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The Book “Presence Human Purpose and the Field of the Future” by Senge et al (2007) is based on three main steps of leadership: Sensing, presencing and realizing. The book states that leadership presents a challenge for every one to become better, wholesome and reflective.
The book gets its name from the presencing step, whereby leaders are advised to retreat, observe and reflect in order to get a deeper understanding of why things happen the way they do.
This book suggests that fresh ideas and knowledge cannot be attained in a frenzy atmosphere and as such, leaders need to detach themselves from all the frenzy that goes on around them, take time to relax and meditate and as a result, come up with “non-decision decisions”.
Senge et al (2008) suggests that a good leader needs to understand his organization well in order to formulate leadership strategies that will be most effective. To this end, the book suggests that leaders need to attain both primary and analytical knowledge, since such is required in the leadership strategy formulation.
Accordingly, the book suggests that primary knowledge allows a leader develops compassion about specific things in an organization and hence he/she act spontaneously, without having to engage in decision-making when faced with items that falls within the primary knowledge.
Senge et al (2008) on the other hand argues that analytical knowledge is more deliberate and involves calculating the consequences of each action or decision that the leader makes.
Overall, this book views leadership as a role that requires a sound clear mind, that is able to tap through different capacities and opportunities through developing a vision, and integrating it into the organization culture.
The book however states that leader should wake up from the notion that they are superior human beings and hence can be on a “doing” mode endlessly. “Leaders need substantial discipline to halt their anxieties and emotions, in order to refocus on what matters to them and the organization they are leading.”
There is a striking difference between the book by Senge at al (2008) and “Getting to yes; negotiating agreement without giving in” by Fisher et al (1991). While the latter focuses mostly on the inner qualities that make good leaders, the other focuses on the interpersonal qualities that makes successful leadership.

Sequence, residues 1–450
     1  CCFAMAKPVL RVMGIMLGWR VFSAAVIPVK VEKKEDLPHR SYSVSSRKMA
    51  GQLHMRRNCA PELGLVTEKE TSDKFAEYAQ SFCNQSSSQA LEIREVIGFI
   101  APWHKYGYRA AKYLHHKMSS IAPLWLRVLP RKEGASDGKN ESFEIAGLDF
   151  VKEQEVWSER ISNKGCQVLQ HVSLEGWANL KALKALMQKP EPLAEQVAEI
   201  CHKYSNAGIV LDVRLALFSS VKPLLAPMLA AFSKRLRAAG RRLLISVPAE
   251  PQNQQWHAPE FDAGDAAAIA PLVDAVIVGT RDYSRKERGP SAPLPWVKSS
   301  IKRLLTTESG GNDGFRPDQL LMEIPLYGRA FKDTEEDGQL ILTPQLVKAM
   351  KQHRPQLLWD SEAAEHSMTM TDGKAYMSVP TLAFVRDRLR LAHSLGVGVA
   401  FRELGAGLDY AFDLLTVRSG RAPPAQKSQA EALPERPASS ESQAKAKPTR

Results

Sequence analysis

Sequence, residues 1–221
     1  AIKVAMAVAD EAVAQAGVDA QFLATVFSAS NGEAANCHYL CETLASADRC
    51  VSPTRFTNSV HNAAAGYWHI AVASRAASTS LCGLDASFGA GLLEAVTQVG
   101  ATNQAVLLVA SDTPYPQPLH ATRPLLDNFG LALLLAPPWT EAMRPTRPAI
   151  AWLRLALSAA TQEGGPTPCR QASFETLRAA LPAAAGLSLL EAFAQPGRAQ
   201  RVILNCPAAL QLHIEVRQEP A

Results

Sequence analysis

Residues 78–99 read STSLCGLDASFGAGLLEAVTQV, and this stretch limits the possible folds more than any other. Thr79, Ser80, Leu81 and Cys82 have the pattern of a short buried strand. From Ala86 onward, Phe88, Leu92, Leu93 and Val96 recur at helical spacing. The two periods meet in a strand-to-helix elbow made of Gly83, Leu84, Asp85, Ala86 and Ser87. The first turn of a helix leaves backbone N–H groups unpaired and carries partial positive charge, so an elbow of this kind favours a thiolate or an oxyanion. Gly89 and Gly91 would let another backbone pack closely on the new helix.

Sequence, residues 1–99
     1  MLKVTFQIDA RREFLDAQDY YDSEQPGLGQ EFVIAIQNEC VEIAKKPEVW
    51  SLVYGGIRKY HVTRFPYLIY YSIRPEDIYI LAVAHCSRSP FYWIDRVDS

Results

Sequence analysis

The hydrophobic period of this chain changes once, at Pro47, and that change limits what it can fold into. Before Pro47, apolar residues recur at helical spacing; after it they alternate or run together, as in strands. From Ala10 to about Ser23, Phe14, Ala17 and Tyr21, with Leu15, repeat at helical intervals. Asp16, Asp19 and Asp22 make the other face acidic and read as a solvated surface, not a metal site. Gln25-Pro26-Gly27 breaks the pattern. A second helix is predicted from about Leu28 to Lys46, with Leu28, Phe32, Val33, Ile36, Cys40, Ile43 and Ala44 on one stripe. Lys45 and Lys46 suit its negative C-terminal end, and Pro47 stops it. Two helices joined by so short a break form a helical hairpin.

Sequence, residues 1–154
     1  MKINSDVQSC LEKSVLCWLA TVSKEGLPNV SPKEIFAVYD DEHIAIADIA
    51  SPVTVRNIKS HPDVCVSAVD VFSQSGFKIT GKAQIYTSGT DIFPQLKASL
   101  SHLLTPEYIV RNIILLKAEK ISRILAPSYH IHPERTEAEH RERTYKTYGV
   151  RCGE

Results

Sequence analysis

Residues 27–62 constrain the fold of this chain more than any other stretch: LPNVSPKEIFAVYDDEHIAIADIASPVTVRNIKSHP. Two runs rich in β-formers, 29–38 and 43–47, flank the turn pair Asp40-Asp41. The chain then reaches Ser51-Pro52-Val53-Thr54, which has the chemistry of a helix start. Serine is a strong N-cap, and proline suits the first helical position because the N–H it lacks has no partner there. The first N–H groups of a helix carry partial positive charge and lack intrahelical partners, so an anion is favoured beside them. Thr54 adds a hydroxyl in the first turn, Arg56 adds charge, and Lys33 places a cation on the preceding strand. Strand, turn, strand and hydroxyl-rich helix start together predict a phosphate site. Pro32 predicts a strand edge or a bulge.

Such are identified as: separating the problems from the people, focusing on interests rather than in positions, inventing options that would enhance mutual gains and insisting on objectivity as a criterion in decision making.
As their book title suggest, Fisher et al (1991) lays more emphasis on negotiating and winning, which is an aspect of good leadership.
Fisher & Shapiro (2005) on the other hand in the book “Beyond Reason: using Emotions as you negotiate” suggests that a good negotiator (leader) must learn the art of appreciating the other party depending on their merits, and must also learn to affiliate with people in order to reduce the number of adversaries.
For a leader however, Fisher & Shapiro (2006) suggests that affiliations should be trended with great caution since one can easily be manipulated in the process. Their approach towards decision making is similar to Senge et al (2008), since they recommend that negotiators should learn the art of autonomy in decision making.
As opposed to Senge et al (2008) recommendations on leaders withdrawing from the frenzy, meditating and arriving at a decision, Fisher & Shapiro (2005) argues that a negotiator needs to have the freedom to do what is best for a specific situation.
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This includes making recommendations, inventing options or brainstorming with others. Other concerns identified in this book that a negotiator should address include status and role, where a negotiator needs to demonstrate courtesy and respect in regards to the other party’s status and appreciate their roles in order to foster collaboration.